When Mavericks is released: Upgrade or fresh install?

Discussion in 'OS X Mavericks (10.9)' started by opinio, Sep 13, 2013.

  1. opinio macrumors 65816

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    Mar 23, 2013
    #1
    In the past I have done fresh installs of OS X when moving from say 10.3 to 10.4.

    I know a few say just upgrade but I always feel there are remnants of the old OS if you do that so I do a wipe and download a complete OS.

    Any thoughts from those devs working with the Mavericks at the moment?

    Also I plan (when it is released) to do the following:

    Boot from external OS --> wipe the fusion (recovery drive and all) in my 2012 Mac mini through disk utility --> Boot to Internet Recovery in the mini and install Mavericks from there. I then re-build the OS apps from scratch as I like to do that every year or so anyway (for fun - throw out the old, in with the new).

    Will this work (through internet recovery) or will I be forced to DL the original OS first (ML) before downloading Mavericks?

    Any comments appreciated.
     
  2. jav6454 macrumors P6

    jav6454

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    #2
    Usually I do clean installs, but this time around I'll settle for an upgrade.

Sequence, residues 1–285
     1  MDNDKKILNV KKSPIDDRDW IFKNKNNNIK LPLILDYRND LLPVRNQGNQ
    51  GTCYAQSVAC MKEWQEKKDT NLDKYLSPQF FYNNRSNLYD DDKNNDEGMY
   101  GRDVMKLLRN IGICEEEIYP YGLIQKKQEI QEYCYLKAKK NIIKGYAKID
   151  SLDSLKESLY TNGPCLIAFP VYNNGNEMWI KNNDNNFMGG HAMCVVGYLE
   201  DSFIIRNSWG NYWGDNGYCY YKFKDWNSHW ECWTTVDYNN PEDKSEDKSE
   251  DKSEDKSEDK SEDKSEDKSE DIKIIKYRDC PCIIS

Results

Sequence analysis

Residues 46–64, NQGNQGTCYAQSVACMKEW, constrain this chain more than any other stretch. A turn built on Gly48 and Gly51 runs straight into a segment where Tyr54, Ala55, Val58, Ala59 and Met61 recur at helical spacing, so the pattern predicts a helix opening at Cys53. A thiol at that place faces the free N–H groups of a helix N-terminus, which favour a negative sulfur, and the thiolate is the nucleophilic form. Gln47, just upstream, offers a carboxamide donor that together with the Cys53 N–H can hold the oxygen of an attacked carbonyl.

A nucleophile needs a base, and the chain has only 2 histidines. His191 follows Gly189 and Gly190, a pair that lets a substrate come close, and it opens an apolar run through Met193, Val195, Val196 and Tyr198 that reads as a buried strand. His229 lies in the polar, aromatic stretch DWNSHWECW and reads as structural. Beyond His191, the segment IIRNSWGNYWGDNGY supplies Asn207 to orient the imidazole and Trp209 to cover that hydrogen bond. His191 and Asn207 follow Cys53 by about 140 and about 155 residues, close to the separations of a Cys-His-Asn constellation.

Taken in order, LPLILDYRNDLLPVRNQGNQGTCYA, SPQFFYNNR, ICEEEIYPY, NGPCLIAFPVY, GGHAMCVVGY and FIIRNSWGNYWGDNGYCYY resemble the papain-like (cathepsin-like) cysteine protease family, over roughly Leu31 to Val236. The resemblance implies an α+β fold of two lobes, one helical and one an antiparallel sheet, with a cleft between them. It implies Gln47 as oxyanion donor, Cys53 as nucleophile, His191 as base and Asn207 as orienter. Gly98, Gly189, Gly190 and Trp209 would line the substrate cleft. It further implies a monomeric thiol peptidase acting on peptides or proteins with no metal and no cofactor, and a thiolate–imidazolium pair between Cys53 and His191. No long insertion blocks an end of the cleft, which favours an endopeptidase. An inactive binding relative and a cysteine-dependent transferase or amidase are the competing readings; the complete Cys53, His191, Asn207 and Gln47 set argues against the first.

3. Orlandoech macrumors 68040

    Orlandoech

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  4. benwiggy, Sep 13, 2013
    Last edited: Sep 13, 2013

    benwiggy macrumors 68020

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    #4
    I've installed every version of OS X from 10.3 upwards onto existing installations.
    I've done 3 wipe-and-installs in 10 years, and probably only one of them was necessary.

    I dare say I've still got some cruft from 10.2 that's Migrated across all the Macs I've used to my latest one --more likely to be in the user account than the system.

    Meh.

    Trust your feelings less, Luke. As I said, most of what you feel is probably coming from prefs in the user account.

    Dear God, why would you delete the Recovery Partition? The Recovery Partition downloads the latest version of the OS. There's absolutely no benefit.

    There are easier and more fun ways to maintain your apps than delete them all and reinstall every year.
     
  5. Krazy Bill macrumors 68030

    Krazy Bill

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    Dec 21, 2011
    #5
    Dear God, why would anyone want to download an entire OS over the innerwebz?

    Some of us install from bootable externals or USB drives. Personally, I just get tired of looking at an unneeded partition so I nuke it. :)
     
  6. benwiggy macrumors 68020

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    #6
    The RP guarantees you have the latest build with all security fixes.
    How do you make your USB disk WITHOUT downloading all the files (and keeping it up-to-date) from the internet?

    Unless you're imaging a whole set of Macs, you are unlikely to need the speed advantage of a USB on the 1 time you need to reinstall the OS.

    Of course, if you really need that 650Mb of free space, fill your boots.
     
  7. Miguel Cunha macrumors 6502

    Miguel Cunha

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  8. jhfenton macrumors 6502a

    jhfenton

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    #8